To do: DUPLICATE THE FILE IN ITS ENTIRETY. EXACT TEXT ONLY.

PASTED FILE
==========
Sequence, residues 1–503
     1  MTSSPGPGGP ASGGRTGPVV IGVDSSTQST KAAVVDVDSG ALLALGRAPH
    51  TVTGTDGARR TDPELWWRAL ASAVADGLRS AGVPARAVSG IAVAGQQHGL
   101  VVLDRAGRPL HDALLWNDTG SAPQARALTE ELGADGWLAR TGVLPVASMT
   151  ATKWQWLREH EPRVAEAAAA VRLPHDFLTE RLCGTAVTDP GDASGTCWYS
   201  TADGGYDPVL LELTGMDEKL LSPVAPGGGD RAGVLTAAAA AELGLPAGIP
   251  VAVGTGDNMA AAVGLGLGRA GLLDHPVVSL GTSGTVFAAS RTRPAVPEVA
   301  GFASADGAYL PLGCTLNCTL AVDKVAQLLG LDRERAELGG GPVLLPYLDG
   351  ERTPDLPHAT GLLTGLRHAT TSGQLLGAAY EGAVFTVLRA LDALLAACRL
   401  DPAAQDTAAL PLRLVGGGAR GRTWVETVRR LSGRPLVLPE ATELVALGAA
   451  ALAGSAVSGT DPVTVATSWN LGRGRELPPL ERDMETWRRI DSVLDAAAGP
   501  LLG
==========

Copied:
Sequence, residues 1–503
     1  MTSSPGPGGP ASGGRTGPVV IGVDSSTQST KAAVVDVDSG ALLALGRAPH
    51  TVTGTDGARR TDPELWWRAL ASAVADGLRS AGVPARAVSG IAVAGQQHGL
   101  VVLDRAGRPL HDALLWNDTG SAPQARALTE ELGADGWLAR TGVLPVASMT
   151  ATKWQWLREH EPRVAEAAAA VRLPHDFLTE RLCGTAVTDP GDASGTCWYS
   201  TADGGYDPVL LELTGMDEKL LSPVAPGGGD RAGVLTAAAA AELGLPAGIP
   251  VAVGTGDNMA AAVGLGLGRA GLLDHPVVSL GTSGTVFAAS RTRPAVPEVA
   301  GFASADGAYL PLGCTLNCTL AVDKVAQLLG LDRERAELGG GPVLLPYLDG
   351  ERTPDLPHAT GLLTGLRHAT TSGQLLGAAY EGAVFTVLRA LDALLAACRL
   401  DPAAQDTAAL PLRLVGGGAR GRTWVETVRR LSGRPLVLPE ATELVALGAA
   451  ALAGSAVSGT DPVTVATSWN LGRGRELPPL ERDMETWRRI DSVLDAAAGP
   501  LLG